In Romanesque-Gothic style, the church of Santa Maria dei Servi is distinct because of its layout: the nave runs parallel to the street (Via Roma), with the street ‘frontage’ taking the form of an elegant portico that dates back to 1510 and rests on ten octagonal pillars that came from the Chapel of St. Anthony in the Basilica del Santo.
Under the arcade is a large and richly-decorated doorway that serves as the main point of entrance to the church. The result of extensive restoration in 1927-30, the interior takes the form of a single nave with a high ceiling of exposed beams. Opposite the entrance in the east wall stands a monumental Baroque altar dedicated to Our Lady of Sorrows; this is the work of Antonio Bonazza, and is complete with a fifteenth-century statue of the Madonna and Child.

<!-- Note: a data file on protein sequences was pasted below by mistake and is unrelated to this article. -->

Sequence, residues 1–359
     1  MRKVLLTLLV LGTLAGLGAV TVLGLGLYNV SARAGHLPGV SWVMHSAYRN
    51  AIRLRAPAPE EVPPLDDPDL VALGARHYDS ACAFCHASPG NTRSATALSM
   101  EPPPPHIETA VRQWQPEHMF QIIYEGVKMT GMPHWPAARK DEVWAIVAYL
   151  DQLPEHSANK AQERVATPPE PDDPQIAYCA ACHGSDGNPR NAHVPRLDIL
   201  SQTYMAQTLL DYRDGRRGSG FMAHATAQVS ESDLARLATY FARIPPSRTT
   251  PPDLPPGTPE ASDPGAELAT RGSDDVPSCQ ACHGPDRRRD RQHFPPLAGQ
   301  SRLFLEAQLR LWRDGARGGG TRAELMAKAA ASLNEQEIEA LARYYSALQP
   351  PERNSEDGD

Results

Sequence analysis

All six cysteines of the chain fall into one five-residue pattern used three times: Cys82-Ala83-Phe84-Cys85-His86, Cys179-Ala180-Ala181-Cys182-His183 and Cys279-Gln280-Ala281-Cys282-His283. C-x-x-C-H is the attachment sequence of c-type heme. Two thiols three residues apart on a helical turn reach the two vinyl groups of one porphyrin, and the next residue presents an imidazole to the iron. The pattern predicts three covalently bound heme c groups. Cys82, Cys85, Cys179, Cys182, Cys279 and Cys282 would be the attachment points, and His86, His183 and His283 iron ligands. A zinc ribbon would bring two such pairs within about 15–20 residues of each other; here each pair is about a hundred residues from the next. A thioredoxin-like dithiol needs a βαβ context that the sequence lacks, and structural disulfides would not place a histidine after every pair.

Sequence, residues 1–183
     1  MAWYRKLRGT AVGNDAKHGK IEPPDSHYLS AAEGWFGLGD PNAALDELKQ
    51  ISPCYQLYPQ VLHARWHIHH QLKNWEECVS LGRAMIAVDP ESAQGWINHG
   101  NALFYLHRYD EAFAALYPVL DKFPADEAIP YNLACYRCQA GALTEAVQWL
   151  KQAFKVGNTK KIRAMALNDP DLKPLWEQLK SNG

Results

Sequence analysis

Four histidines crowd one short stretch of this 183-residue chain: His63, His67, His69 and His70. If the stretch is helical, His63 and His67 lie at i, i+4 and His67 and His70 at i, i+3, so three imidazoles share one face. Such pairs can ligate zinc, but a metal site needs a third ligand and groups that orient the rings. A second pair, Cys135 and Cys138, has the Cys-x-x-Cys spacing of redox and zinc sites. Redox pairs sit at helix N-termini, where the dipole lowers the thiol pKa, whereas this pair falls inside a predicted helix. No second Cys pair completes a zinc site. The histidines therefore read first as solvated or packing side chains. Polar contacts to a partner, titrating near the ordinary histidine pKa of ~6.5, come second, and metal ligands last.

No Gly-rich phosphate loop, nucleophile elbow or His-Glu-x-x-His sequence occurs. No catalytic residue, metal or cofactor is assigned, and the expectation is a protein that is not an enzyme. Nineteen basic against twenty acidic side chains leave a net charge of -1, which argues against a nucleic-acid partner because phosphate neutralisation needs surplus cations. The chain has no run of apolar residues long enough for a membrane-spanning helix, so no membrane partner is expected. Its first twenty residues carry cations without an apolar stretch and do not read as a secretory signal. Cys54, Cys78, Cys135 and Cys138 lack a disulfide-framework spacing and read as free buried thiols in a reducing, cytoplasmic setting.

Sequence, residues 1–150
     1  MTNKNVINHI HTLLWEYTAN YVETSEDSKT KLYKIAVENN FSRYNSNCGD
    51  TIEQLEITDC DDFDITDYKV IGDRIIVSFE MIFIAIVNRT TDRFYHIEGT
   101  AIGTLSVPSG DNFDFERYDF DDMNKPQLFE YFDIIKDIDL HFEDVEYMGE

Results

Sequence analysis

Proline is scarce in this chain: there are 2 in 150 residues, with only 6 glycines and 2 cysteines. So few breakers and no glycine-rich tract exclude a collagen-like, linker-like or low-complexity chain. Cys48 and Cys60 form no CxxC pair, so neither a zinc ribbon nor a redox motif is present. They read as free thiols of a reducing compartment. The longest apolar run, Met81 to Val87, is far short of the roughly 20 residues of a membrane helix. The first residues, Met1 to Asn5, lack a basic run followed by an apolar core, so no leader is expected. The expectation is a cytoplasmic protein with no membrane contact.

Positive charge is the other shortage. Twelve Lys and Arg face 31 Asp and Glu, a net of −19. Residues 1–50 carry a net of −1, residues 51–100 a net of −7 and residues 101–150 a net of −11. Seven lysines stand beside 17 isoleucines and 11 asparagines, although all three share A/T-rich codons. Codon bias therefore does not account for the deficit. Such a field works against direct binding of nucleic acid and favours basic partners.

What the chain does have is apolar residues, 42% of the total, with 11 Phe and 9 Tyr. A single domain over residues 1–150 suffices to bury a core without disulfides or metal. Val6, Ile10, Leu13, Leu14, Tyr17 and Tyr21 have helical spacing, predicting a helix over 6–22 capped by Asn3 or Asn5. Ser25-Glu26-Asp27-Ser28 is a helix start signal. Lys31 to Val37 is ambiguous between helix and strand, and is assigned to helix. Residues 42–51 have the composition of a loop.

To the sides of this high altar are two chapels, the one of the left being particular noteworthy because it houses a wooden Crucifix by Donatello; the very first work the great sculptor created in Padua, this is associated with a miraculous event.
Records tell us that, in February 1512, the face and left side of the crucified figure of Christ began to sweat blood, and would continue to do so for a full fifteen days, right up to the start of Holy Week (the week before Easter), the then bishop of Padua, Paolo Zabarella, preserving a phial of the miraculous liquid. This extraordinary event would long overshadow the artistic value of the work, and only in 2006 would research by Marco Ruffini confirm its attribution to Donatello himself. After long and painstaking restoration, the Crucifix has returned to its original glory and is now back in the chapel.